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Ravishing beauty

For a composer who gave so much delight to so many, Ravel occupies a peculiar position in 20th-century music.

12 March 2011

12:00 AM

12 March 2011

12:00 AM

Ravel Roger Nichols

Yale, pp.432, 25

For a composer who gave so much delight to so many, Ravel occupies a peculiar position in 20th-century music. Stravinsky’s famous description, ‘the most perfect of Swiss clockmakers’, still brings a chortle of recognition, though it might be better to think of him as a jeweller. In the words of one critic, writing in 1906, his music conceals tenderness ‘beneath a surface of flashing, kaleidoscopic precious stones’. Either way, he has probably been patronised by kind words more than any other great composer.

Some listeners, it is clear, never forgave him for not being Debussy. Even the famous piano concerto, premiered in 1932, five years before his death, was damned by Constant Lambert as being ‘in painfully good taste throughout’. Yet to hear that work now, when it is part of the standard repertoire, is to hear the clear voice of a master craftsman; one, admittedly, whose romantic leanings were mediated through a classical personality, but there is nothing unusual about that. Wasn’t Brahms described as a man who composed music out of a sense of regret that he hadn’t been born 20 years earlier? Ravel never sought to be another Debussy, who was, it must be acknowledged, the greater composer. As for Constant Lambert, where is he now?

Ravel was never shy of nailing his colours to the mast. Asked to comment on the future of the ballet, when the Ballets Russes had run its race, he thought that the art could have one ‘if there’s a return to the 18th century’. Fauré was his teacher, and Mozart his hero — you can hear it in the slow movement of the piano concerto — but this was no stick-in-the-mud, no matter what his contemporaries said about him. Perhaps the most stinging remark, or rebuke, came from Satie, who, on hearing that Ravel had turned down the légion d’honneur, said: ‘But all his music accepts it.’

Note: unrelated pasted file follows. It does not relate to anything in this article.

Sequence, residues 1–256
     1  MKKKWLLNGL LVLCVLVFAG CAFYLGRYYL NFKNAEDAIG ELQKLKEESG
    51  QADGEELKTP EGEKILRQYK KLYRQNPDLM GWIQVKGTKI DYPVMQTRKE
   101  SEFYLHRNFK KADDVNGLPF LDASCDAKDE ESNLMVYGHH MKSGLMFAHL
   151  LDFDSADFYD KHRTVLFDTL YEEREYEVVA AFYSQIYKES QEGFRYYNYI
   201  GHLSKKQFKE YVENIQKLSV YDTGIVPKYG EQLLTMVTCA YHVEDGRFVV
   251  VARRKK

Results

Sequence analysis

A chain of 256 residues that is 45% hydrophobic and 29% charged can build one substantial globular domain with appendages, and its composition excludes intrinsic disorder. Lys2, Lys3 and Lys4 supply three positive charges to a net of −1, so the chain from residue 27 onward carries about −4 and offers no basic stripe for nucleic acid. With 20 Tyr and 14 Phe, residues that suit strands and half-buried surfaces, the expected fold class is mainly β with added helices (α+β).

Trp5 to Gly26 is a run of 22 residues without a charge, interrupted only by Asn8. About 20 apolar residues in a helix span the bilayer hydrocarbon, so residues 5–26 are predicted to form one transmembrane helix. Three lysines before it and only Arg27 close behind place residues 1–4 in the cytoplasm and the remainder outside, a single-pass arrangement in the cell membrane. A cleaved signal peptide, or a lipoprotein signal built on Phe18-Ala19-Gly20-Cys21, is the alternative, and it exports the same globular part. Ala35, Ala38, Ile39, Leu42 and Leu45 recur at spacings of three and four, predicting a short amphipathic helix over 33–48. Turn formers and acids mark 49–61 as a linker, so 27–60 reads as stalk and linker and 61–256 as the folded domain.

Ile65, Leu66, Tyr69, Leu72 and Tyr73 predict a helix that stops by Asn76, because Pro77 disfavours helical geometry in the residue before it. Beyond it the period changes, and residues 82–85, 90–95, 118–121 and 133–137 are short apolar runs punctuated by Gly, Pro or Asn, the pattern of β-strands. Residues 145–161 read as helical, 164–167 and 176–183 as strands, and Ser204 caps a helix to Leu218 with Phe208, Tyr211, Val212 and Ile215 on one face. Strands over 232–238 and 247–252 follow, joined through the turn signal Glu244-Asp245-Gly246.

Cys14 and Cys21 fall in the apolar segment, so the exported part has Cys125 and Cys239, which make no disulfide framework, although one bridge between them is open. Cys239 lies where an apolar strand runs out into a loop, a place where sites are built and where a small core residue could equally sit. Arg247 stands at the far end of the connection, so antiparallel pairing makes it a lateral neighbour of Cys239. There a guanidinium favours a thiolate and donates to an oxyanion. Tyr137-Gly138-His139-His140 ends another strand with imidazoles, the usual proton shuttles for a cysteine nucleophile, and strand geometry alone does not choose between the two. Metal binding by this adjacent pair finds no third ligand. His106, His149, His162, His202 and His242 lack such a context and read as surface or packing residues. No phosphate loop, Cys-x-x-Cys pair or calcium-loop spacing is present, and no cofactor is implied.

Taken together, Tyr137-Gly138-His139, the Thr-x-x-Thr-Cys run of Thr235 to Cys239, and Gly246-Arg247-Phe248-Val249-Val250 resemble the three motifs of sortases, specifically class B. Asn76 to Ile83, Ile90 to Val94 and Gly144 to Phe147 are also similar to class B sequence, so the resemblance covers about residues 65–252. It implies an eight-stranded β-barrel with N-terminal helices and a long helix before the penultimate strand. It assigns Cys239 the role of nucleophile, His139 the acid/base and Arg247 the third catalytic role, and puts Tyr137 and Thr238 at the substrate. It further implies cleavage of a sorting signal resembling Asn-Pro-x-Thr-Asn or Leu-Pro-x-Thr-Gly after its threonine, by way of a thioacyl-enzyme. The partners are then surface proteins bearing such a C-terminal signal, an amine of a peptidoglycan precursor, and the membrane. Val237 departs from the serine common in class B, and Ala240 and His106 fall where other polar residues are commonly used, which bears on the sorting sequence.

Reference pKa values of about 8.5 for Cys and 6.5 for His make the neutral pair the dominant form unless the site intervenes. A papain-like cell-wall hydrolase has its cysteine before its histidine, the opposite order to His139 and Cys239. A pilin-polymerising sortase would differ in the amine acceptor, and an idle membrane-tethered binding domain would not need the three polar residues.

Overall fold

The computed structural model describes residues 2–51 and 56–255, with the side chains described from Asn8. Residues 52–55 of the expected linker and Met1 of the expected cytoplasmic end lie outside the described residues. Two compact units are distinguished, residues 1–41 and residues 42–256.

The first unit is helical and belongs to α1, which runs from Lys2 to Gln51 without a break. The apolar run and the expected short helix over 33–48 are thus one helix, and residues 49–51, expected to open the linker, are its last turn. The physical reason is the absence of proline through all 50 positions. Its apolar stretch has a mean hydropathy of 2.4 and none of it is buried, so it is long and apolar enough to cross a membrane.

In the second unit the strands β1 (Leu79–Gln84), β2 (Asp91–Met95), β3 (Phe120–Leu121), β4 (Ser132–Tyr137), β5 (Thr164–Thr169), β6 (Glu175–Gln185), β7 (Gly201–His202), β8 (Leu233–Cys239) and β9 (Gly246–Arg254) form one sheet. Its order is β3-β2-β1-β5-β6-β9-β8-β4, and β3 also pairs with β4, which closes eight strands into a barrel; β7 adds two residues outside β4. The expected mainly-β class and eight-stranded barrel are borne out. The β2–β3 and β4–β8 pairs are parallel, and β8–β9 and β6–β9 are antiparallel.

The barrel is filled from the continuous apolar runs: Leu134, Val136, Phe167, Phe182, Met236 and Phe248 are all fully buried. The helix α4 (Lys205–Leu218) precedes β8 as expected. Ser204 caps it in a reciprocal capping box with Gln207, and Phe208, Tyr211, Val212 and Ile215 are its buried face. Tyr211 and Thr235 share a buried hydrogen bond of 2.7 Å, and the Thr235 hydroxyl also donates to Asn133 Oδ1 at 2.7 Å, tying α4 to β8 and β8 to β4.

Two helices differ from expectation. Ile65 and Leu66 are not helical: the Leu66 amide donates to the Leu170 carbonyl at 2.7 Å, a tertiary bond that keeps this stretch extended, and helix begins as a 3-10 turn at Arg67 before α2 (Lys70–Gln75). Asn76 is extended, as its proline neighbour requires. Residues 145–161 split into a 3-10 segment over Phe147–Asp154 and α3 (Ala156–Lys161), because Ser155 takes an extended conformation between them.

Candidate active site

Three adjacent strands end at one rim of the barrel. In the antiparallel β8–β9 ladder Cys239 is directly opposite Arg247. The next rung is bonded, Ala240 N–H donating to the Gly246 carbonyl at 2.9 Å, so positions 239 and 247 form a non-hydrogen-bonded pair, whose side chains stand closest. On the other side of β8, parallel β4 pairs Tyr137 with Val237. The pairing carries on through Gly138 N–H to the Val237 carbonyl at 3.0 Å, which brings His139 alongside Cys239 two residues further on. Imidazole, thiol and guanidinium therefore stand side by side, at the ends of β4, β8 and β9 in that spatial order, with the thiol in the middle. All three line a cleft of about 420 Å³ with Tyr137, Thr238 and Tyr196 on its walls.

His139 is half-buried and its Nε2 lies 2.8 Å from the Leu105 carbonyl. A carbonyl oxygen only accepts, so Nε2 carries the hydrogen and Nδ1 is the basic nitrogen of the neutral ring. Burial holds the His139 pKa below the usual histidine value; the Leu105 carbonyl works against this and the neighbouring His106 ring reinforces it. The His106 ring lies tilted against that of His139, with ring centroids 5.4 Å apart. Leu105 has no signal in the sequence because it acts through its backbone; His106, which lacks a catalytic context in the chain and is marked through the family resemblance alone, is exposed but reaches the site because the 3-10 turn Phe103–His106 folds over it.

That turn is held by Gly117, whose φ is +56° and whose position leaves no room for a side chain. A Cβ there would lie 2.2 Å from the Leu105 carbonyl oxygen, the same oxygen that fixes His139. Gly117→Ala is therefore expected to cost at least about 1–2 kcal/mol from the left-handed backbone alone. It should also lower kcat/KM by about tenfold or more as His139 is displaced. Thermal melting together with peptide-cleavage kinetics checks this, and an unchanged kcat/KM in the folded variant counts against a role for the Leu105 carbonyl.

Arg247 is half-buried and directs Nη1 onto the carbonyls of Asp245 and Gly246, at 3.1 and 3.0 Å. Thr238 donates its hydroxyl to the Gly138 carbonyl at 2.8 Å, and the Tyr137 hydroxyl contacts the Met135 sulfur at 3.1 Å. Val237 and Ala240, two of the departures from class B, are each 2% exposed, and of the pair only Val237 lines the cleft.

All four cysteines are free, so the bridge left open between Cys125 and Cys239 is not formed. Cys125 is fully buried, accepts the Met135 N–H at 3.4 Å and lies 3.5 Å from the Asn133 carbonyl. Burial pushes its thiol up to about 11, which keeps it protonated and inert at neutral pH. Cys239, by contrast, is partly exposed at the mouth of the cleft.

Like all great artists, he defied easy categorisation. His music is so French you have only to close your eyes and you are there. Yet his father was Swiss, his mother an illegitimate Basque. Throughout his life Ravel returned to the Basque country, where he felt truly free. Musically he was a magpie. He borrowed from Spain in the ‘Boléro’, his masterpiece without music, from Hungary in the gypsy-flavoured ‘Tzigane’, and, most brilliantly, from Vienna in ‘La Valse’, where impressionism met expressionism in a post-war stramash. This dance of death, ‘a portrait of a ballet’, in Diaghilev’s dismissive phrase, is really a cubist waltz. A clockmaker indeed!

Small, dapper, content in his solitude, and lost without his cigarettes (he had their provision written into contracts), Ravel emerges as an attractive character. He never really grew up, carrying throughout his life a love of toys. Little wonder that his best-loved score is ‘Mother Goose’, in which he unlocks a gate into the kingdom of childhood. Here is Ravel in all his ravishment, and it would take a heart of flint not to respond. As we know, however, some people turn up their noses at beauty. Even in those days there were those who preferred to listen to the aridities of Schoenberg.

His relationship with Debussy never developed into friendship. Ravel attended the premiere of Pelléas et Mélisande in 1902, indeed he could never hear the opera often enough, and Debussy caught the rehearsal of the younger man’s string quartet two years later. But they were never close. With Vaughan Williams, however, Ravel established warm relations. The Englishman, who had studied with Ravel, even overlooked his tutor’s wonky piano playing on the first Paris performance of On Wenlock Edge. And in London, he discovered that Ravel loved steak and kidney pudding!

In the musical world Ravel is best-known for Daphnis et Chloé, a ballet that is more commonly performed in the concert hall, and an opera, L’enfant et les sortileges, that receives few productions. For those who are unfamiliar with his music, and would like to know more, a good starting-point is the piano trio of 1914. This is chamber music of freshness, sweetness, and, yes, charm. It does not yearn for the infinite. It does not plumb emotional depths. But it is great music, and the man who wrote it was a great composer.

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